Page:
Island Lake Lodge's New Cookbook - Ski Mag

Island Lake Lodge's New Cookbook

You may come for the cat-skiing. But you'll likely stay for the food. Here's a recipe from new cookbook from a BC cat-skiing operation.
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Island Lake Lodge Cookbook

When you go to Fernie, BC's Island Lake Lodge, you'll get 7,000 acres of varied cat-accessed terrain, 3,700 vertical feet of steep descents, a lodge with slate floors and 14-foot-high ceilings, and perhaps most importantly, dinners of smoked duck with Saskatoon berry salad, pan-seared miso scallops with leek and bacon, or grilled organic beef tenderloin with potato gratin. Breakfast might be orange and cranberry waffles and dessert could include white chocolate and passion fruit mousse. The lodge recently released a new cookbook, written by Keith Liggett. Here's a sample recipe from the cookbook. You can buy the book here.

Salmon Fillets in White Wine and Thyme Sauce

Serves 4
Salmon—Alain’s favourites are sockeye or coho—is the quintessential B.C. dish, and carries so much flavour it needs only steamed seasonal vegetables as an accompaniment.

1 large leek (white part only), cut into matchstick strips
1/2 lemon
3/4 cup dry white wine
2 shallots, minced
3 cloves garlic, thinly sliced
1 sprig thyme
5 Tbsp cold butter, cubed
1 large tomato, peeled, seeded, and diced
Salt and freshly ground black pepper
4 skinless wild salmon fillets (each about 4 oz)
Thyme sprigs for garnish

Preheat the oven to 250°F. In a small saucepan of boiling water, blanch leek for 2 minutes. Drain, then transfer to bowl of ice water to cool. Drain well. Put leek in a small ovenproof dish in oven.
Squeeze juice from lemon half. In a small non-reactive saucepan, combine lemon juice, wine, shallots, and garlic. Strip leaves from thyme sprig and add leaves to saucepan. Bring to a simmer over medium heat. Simmer for 5 minutes or until flavours are blended. Reduce heat to low. Gradually whisk in 4 Tbsp butter 1 piece at a time, allowing each piece of butter to melt before adding more. Stir in tomato, and salt and pepper to taste. Keep warm over very low heat.
Meanwhile, in a large heavy skillet, heat remaining butter over high heat. Sprinkle salmon with salt and pepper to taste. Cook for 6–8 minutes, turning once, until just cooked but still coral-coloured in the center. Divide leek among 4 plates. Top each portion with a piece of salmon. Spoon sauce over salmon. Garnish with thyme.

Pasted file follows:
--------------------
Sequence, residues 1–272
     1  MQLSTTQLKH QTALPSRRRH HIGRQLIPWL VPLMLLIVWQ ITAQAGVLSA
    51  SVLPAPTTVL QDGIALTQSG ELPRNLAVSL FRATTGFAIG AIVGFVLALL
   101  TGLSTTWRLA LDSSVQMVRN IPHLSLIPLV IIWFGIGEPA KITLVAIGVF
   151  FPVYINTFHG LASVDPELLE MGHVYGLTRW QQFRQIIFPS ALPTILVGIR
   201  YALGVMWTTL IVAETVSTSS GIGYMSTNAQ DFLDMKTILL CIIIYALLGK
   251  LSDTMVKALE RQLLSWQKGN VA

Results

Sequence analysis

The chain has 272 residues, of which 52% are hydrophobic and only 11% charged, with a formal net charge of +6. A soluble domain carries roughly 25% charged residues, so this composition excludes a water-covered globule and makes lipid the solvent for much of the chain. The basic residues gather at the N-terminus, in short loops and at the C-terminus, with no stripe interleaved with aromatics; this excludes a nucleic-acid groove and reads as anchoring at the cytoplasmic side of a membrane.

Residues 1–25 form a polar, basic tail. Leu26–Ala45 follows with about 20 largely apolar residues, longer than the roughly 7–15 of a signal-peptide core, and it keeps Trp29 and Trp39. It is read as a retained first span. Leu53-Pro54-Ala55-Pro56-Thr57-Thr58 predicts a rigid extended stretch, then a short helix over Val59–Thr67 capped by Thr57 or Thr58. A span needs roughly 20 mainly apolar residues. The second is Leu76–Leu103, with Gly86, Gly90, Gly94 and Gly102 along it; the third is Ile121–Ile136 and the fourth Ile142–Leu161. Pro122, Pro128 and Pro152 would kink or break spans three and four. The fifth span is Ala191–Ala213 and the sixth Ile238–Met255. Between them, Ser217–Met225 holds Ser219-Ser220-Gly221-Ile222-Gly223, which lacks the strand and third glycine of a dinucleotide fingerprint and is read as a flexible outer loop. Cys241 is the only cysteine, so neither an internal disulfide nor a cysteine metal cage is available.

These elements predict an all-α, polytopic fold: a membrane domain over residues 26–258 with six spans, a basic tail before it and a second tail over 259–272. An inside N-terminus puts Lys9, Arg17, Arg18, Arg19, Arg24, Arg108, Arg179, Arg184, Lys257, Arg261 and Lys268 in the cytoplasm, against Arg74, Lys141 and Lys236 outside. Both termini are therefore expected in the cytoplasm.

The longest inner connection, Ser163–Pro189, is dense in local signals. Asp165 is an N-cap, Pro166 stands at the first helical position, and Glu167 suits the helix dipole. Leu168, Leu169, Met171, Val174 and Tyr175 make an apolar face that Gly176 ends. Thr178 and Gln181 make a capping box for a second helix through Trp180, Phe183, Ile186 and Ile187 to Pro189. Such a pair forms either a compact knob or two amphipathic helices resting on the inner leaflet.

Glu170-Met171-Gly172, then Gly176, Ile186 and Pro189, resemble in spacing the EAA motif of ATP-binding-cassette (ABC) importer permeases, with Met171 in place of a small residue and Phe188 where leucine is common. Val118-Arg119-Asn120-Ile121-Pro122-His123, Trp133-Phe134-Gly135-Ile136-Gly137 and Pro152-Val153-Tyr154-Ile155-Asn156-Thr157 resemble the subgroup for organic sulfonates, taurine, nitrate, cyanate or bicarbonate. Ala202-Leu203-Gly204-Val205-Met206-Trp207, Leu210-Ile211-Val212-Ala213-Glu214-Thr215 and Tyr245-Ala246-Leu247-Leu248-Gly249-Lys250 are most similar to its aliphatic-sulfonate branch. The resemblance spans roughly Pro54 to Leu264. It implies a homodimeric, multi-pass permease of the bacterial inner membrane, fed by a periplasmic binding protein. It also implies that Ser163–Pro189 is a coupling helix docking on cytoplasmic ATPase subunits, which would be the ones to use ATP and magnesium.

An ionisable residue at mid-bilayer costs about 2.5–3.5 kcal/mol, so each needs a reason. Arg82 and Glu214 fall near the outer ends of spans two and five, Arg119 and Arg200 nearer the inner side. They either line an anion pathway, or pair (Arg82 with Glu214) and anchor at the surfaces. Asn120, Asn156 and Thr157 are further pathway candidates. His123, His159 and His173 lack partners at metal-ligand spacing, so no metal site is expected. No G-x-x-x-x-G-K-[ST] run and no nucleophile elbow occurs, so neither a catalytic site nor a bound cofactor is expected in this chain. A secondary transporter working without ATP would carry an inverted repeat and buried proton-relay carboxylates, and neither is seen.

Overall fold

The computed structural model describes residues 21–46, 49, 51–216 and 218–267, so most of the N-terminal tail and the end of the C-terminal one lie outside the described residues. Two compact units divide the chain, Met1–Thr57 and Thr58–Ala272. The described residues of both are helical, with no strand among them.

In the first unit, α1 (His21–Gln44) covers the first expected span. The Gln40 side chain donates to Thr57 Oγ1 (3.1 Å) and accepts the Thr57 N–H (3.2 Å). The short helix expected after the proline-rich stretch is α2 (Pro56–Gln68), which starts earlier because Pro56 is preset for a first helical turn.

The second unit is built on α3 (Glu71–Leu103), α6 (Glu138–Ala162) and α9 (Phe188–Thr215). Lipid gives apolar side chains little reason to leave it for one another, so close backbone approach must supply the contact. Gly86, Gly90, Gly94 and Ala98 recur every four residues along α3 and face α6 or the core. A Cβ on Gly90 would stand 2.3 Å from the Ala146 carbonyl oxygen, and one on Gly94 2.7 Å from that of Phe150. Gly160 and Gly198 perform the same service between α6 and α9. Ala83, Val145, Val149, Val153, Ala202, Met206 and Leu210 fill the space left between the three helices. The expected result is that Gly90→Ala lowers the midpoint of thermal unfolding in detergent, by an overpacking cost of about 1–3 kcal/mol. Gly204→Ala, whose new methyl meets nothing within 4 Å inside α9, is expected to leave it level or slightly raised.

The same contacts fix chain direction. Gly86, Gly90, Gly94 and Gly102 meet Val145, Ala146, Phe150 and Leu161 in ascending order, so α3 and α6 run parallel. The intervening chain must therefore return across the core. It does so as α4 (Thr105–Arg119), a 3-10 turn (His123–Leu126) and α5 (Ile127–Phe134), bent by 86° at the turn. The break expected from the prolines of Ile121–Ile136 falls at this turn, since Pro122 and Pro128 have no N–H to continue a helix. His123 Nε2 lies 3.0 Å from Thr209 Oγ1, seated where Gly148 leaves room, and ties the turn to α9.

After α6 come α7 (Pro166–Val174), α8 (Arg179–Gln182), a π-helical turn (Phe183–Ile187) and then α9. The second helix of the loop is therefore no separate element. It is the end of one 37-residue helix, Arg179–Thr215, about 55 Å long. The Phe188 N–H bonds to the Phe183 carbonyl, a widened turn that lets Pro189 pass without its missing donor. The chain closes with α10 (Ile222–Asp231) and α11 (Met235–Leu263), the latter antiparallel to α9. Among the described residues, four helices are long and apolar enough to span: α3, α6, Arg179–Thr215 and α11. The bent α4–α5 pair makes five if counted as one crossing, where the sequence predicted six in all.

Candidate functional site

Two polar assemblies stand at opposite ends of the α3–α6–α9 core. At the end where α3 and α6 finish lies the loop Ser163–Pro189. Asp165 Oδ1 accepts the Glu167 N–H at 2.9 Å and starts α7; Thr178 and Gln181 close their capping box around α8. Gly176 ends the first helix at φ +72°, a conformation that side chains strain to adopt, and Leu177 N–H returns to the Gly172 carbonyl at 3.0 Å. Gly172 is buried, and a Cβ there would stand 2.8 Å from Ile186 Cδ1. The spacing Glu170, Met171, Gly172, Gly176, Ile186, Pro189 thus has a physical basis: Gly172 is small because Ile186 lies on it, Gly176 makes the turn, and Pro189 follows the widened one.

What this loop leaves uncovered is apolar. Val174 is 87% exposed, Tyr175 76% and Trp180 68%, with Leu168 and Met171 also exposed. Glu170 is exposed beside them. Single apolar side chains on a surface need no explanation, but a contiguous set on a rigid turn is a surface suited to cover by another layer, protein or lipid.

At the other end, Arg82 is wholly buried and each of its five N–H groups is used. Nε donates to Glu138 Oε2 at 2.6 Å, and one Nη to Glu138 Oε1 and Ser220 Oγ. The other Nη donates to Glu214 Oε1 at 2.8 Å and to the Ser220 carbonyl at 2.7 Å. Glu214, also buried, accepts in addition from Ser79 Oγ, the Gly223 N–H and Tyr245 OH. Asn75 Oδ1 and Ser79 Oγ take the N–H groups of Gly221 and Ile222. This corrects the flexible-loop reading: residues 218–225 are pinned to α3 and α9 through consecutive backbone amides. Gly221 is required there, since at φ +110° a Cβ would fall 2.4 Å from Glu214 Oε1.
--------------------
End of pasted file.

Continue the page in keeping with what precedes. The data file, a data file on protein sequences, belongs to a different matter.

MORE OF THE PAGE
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I can already grumbling from you locals on this one, but listen up. Locals avoid the hill on weekends like Aretha Franklin avoids the salad bar. They whine about the ineptitude of all the tourists, and every region seems to have a different vernacular for them. In Tahoe, they’re gapers. In Colorado, they’re Texans (no matter where they’re from). Back East, Joeys. Whatever we’re calling them, let’s take a deep breath, let go of the hatred, and see these folks for what they are. First and foremost, they keep our mountain economies healthy and churning. If tourists didn’t come to our towns and drop exorbitant amounts of cash on lodging, food, and equipment, many of us would be out of a job and back in some city jockeying a cubicle Monday to Friday. Secondly, they want to be like us. They come skiing because they want to be a part of the life we live every day. Sure, many of them are downright comical in their attempts to be a part of that culture, but the fact remains, they want to be here. So keep laughing when that you see that Texan, barreling down the hill in his power-wedge of doom, with Wrangler’s tucked into his rental boots with a belt buckle like a Thanksgiving turkey platter. But have some respect at the same time. Most non-locals are ultra-friendly and don’t want to cause you any trouble, so let it go and smile.

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This week, the first North American stop of the Freeskiing World Tour takes place in Revelstoke, BC. We'll be covering the event from a competitor's point of view. But before we get to the actual skiing, here's a look at the kickoff party that took place on December 26 at Green Street in Salt Lake City.